A customs freight broker helps businesses dealing with international trade handle all customs processes, ensuring compliance and smooth operations. 

Services provided by a freight customs broker include:

  • Offer expert advice on all import/export requirements and navigate through certain countries’ complex regulatory and tax systems, such as Australia or Brazil.
  • Submit paperwork and payments to country-specific customs departments and other government agencies as required.
  • Deal with clearance and customs compliance issues.
  • Determine product classification and handle binding ruling requests.
  • Submit any special documents in advance, as dictated by government regulations – like the ICS2 protocol in Europe.
  • Act as the Importer Of Record (IOR) on the shipper’s behalf.
  • Supervise and monitor customs processes.
  • Store related transaction documents on the shipper’s behalf for a period of at least 5 years.
  • Assist with dispute resolutions and customs audits.
  • Advise on special duties and trade agreements between countries, for example, the United States-Mexico-Canada Agreement (USMCA) or the Central American Free Trade Agreement (CAFTA).

Customs brokers and freight forwarders work together to get your cargo shipped through countries and continents and have it delivered seamlessly and on time.

They can be separate service providers or different departments of the same international shipping logistics provider.

Customs Broker Vs. Freight Forwarder: What’s The Difference?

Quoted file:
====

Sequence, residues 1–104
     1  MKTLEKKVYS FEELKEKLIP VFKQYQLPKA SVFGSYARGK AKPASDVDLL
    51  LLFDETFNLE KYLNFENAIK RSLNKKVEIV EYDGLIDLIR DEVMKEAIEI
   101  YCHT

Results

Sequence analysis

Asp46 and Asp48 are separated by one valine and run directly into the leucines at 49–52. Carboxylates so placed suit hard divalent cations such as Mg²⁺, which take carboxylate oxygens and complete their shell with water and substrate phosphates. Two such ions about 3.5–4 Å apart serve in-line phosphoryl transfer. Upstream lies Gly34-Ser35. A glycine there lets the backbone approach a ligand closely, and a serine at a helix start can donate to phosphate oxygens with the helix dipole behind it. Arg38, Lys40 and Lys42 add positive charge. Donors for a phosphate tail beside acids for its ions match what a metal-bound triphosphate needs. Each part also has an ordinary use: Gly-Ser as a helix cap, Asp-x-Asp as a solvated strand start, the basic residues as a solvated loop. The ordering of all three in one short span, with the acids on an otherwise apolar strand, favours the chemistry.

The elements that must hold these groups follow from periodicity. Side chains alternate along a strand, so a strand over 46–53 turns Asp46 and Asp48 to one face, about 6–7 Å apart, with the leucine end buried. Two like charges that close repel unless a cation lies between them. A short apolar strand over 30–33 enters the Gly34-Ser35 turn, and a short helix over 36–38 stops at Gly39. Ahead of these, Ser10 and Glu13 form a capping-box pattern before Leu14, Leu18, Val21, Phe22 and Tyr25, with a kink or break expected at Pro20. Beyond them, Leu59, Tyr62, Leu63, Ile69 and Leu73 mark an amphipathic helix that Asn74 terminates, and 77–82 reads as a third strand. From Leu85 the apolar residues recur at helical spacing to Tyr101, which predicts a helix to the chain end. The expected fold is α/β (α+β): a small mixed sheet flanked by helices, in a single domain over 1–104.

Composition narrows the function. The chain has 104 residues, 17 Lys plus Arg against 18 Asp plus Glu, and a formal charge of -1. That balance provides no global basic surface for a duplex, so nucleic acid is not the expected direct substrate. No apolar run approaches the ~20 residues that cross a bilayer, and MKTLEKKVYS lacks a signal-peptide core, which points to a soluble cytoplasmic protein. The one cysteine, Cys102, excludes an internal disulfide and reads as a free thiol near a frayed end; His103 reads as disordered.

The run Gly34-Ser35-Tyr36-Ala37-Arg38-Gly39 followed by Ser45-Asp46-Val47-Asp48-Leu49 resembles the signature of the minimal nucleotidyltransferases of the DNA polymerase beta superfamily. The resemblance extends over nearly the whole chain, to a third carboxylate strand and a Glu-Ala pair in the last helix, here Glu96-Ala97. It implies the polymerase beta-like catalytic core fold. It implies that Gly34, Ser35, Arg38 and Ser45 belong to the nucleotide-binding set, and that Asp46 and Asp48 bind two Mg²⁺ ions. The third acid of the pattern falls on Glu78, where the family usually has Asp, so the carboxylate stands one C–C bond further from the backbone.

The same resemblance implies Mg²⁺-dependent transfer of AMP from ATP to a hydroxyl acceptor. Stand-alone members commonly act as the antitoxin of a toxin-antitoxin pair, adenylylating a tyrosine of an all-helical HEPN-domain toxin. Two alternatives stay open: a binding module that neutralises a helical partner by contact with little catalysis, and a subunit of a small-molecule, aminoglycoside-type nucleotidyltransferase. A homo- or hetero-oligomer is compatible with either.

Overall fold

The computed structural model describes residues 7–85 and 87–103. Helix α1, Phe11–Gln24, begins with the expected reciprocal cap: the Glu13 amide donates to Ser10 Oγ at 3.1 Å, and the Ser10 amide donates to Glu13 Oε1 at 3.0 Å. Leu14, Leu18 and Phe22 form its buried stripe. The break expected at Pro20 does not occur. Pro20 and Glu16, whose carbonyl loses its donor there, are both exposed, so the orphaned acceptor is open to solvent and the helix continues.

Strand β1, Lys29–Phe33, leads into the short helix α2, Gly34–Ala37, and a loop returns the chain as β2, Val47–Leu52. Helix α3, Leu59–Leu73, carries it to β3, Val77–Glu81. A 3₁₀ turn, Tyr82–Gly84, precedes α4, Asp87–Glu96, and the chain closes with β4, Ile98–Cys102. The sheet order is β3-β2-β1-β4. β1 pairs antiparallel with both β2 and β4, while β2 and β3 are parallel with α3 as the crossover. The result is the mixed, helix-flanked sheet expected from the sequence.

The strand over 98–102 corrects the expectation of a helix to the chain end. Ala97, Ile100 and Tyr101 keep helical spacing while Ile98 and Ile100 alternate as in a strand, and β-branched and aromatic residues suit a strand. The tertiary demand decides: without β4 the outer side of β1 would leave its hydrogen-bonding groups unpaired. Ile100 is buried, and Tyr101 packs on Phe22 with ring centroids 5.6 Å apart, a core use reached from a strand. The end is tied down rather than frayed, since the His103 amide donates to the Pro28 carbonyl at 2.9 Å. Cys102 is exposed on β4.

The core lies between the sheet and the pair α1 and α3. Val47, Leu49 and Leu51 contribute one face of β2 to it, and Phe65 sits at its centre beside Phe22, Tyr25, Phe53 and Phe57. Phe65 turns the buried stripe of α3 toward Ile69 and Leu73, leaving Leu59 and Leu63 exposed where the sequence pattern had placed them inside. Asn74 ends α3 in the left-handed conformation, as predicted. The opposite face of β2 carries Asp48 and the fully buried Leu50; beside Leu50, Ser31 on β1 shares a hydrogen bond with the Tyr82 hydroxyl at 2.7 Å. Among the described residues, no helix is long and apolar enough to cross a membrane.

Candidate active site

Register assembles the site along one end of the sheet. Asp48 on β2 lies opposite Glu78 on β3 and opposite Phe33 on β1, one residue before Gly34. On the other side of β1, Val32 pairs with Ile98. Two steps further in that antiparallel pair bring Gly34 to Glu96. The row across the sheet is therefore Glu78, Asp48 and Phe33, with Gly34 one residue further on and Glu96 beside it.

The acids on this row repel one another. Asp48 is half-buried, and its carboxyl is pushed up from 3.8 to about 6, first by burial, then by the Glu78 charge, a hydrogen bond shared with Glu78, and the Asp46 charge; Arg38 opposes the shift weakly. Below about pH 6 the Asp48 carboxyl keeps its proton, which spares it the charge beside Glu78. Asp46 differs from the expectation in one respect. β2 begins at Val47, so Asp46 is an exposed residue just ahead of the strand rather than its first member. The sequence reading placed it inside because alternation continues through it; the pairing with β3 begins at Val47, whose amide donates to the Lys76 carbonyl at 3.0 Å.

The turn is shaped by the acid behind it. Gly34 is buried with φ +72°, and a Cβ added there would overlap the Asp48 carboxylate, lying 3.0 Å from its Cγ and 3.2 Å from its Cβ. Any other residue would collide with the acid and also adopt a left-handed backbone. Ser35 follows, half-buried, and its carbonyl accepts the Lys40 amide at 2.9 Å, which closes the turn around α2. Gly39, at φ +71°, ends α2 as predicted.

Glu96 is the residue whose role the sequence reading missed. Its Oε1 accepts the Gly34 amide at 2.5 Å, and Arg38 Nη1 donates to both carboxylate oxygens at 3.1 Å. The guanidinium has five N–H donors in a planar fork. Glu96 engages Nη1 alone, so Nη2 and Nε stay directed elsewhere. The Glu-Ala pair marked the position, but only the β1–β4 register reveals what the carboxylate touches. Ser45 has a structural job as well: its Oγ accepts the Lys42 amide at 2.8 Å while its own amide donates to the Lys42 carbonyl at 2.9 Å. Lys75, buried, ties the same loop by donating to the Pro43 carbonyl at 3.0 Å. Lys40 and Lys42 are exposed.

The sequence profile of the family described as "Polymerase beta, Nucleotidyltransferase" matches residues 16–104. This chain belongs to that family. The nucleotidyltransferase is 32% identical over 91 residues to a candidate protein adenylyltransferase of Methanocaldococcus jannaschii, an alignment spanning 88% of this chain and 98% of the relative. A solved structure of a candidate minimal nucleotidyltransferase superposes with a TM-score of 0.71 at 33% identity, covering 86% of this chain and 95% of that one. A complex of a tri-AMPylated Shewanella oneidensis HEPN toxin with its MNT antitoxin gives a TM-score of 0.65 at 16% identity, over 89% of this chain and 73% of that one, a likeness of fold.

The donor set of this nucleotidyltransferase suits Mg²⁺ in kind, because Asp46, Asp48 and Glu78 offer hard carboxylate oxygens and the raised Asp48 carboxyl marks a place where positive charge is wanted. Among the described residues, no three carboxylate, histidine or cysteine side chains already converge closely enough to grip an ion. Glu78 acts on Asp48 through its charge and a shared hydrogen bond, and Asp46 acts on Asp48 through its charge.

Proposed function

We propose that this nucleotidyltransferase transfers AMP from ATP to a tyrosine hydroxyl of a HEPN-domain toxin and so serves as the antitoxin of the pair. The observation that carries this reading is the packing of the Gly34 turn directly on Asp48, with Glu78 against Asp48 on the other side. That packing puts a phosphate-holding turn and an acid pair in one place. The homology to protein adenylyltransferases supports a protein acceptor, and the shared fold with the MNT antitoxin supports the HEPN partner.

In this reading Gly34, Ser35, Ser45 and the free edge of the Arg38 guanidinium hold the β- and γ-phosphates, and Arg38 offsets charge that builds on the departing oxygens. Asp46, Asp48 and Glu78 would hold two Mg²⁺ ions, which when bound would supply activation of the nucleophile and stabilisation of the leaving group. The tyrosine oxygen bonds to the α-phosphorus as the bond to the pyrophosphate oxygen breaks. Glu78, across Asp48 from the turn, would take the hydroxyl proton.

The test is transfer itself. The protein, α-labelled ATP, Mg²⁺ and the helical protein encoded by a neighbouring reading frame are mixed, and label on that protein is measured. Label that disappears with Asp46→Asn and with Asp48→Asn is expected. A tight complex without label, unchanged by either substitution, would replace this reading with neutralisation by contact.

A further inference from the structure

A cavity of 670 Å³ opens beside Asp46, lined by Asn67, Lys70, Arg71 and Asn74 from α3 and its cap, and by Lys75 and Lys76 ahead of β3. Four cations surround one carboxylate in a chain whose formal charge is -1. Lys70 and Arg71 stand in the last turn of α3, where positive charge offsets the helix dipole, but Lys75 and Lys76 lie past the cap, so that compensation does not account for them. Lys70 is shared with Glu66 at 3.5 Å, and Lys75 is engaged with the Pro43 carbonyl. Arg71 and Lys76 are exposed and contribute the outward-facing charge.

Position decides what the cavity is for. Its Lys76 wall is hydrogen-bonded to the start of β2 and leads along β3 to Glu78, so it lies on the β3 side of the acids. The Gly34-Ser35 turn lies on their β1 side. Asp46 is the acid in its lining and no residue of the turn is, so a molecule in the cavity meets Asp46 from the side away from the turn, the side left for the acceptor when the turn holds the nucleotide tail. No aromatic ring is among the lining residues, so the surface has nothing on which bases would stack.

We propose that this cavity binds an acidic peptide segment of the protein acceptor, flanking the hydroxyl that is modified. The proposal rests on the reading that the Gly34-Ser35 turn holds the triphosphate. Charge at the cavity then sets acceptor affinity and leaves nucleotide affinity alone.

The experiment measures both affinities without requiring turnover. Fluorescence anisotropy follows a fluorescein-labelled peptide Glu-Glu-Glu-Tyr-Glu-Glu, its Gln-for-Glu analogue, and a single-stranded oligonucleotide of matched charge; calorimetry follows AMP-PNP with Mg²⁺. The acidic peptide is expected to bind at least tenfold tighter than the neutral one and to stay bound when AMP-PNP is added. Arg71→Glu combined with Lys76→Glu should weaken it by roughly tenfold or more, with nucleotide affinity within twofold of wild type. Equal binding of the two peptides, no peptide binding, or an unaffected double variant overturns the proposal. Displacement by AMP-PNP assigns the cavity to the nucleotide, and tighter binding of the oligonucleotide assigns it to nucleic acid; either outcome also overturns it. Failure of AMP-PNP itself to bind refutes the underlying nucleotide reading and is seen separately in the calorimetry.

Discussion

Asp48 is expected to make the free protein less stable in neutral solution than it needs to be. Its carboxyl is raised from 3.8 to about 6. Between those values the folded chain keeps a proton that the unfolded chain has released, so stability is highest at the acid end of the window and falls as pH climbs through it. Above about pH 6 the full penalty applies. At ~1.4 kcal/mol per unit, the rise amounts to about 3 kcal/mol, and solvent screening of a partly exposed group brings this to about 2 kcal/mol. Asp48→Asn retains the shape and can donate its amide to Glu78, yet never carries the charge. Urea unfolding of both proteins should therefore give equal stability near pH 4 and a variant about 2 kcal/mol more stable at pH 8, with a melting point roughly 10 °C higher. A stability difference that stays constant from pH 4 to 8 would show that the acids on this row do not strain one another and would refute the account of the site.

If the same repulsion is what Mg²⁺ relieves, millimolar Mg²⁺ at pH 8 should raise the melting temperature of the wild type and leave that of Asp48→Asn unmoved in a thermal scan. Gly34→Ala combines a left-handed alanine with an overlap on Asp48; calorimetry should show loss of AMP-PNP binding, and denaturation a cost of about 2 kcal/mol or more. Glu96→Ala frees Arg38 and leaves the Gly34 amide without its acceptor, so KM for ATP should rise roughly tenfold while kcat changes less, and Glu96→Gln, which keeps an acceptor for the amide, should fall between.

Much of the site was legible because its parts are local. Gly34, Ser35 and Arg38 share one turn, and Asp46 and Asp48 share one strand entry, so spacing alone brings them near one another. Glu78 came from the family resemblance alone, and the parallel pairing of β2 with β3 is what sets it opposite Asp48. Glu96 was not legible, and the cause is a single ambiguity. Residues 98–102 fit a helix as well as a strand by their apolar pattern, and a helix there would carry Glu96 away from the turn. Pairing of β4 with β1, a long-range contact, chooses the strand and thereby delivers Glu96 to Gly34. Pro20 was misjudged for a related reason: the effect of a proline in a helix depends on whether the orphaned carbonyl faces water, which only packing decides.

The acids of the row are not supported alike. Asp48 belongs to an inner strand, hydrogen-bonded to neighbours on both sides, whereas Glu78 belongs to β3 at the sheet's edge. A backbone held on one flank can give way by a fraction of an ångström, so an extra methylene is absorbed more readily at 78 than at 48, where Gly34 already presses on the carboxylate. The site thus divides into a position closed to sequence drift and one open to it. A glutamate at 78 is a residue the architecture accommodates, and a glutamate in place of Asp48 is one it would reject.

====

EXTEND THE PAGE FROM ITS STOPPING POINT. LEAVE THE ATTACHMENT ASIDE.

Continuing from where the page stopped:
The difference between a freight forwarder and a customs broker is that a freight forwarder manages the transportation of goods. In contrast, a customs broker handles cargo entry at the point of customs.

Freight forwarders arrange and streamline shipment transportation from Point A to Point B.

They do not normally deal with customs clearance procedures unless they offer certified customs broker services – which is exactly what we do at Flat World Global Solutions.

On the other hand, both customs brokers and freight forwarders help businesses streamline and optimize the entire international shipping process for every individual shipment. 

Customs brokers and freight forwarders work in similar ways:

  • Enhance transportation procedures
  • Ensure compliance
  • Offer up-to-date advice
  • Provide cost-effective shipping

Leveraging International Shipping For Success

At Flat World Global Solutions, we help businesses move inventory across the globe seamlessly and effectively.

Our state-of-the-art technology, coupled with our innovative approach and deep experience in international shipping, offer our customers tailored solutions to meet their cross–border transportation and customs compliance needs.

At Flat World Global Solutions, we prevent challenges from becoming roadblocks. Our value-added services in international logistics not only improve competitive positioning but also increase profits. Contact us to find out more.

FAQ #1 – Do Freight Forwarders Clear Customs?

Freight forwarders are responsible for the transportation of goods from an origin to a destination and undertake a variety of transport-related services.

By definition, customs brokers deal with various freight clearance procedures and documents.

However, freight forwarding companies often have customs brokerage experts who offer freight clearance services.

FAQ #2 – What Is An Importer Of Record?

An Importer Of Record (IOR) is the party responsible for customs and legal compliance of the country of import. An IOR can be the owner of goods, a legally designated individual, or a customs broker.